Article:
TRAVERSE CITY — Keith Schaub turned the color of gold a few days before he received a life-saving liver transplant at University of Michigan Hospital.
“My jaundice rating was up to 57. Normal people are less than one,” Schaub said.
Schaub, 35, now looks healthier, thanks to an emergency liver transplant in mid-June. But he can’t return yet to his Internet marketing company, and he’s extremely susceptible to germs. Doctors are suppressing his immune system entirely for three months so his body won’t reject the new liver.
Yet Schaub said his toughest challenge is accepting help from his close circle of family and friends.
“I’ve been really independent, more of the one to help out,” he said. “I’m grateful, but it’s weird to sit back.”
Schaub and his wife Megan talked about his medical journey and a fundraiser set for today on the porch of their rural Interlochen house that he built 15 years ago.
Schaub said this is his second round with a serious disease. In 2006, he was diagnosed with ulcerative colitis after his autoimmune system attacked his large intestine.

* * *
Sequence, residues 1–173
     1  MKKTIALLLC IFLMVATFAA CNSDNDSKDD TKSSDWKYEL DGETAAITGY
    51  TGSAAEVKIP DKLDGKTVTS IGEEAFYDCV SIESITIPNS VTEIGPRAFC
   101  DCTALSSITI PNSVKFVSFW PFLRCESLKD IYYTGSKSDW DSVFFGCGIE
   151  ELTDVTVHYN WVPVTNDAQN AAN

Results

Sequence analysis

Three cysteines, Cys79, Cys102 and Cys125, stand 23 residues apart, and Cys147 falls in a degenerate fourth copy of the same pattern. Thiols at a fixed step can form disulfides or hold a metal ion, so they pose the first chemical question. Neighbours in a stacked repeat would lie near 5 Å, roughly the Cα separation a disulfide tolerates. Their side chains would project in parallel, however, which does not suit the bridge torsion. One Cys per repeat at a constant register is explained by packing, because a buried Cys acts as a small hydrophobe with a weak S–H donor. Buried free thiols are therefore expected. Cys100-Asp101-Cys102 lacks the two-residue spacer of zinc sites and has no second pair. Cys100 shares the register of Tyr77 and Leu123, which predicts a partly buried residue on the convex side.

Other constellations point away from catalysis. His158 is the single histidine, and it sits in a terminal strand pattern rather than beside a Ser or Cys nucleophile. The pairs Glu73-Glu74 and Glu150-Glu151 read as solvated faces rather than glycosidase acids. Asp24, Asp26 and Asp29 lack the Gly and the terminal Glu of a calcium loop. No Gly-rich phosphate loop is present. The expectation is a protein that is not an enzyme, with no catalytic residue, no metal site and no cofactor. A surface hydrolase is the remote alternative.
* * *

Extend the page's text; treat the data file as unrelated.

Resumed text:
“My surgeon has done 1,000 procedures, and said this was the worst case he’d ever seen,” Schaub said. “He was surprised to see I could function in my life, if that gives you an idea of my tolerance to pain. I don’t let things get in my way.”
Schaub fully recovered after two surgeries and life long ago resumed to normal. But last September, his skin turned yellow and pain stabbed his abdomen area.
“It felt like 150 pounds of pressure trying to burst through your guts,” he said. “And then it would pass.”
An area specialist diagnosed him with primary sclerosing cholangitis or PSC – an inflammatory disease that hardens and scars the liver ducts. He thought Schaub would need a liver transplant in about 10 years and recommended he visit the University of Michigan Hospital.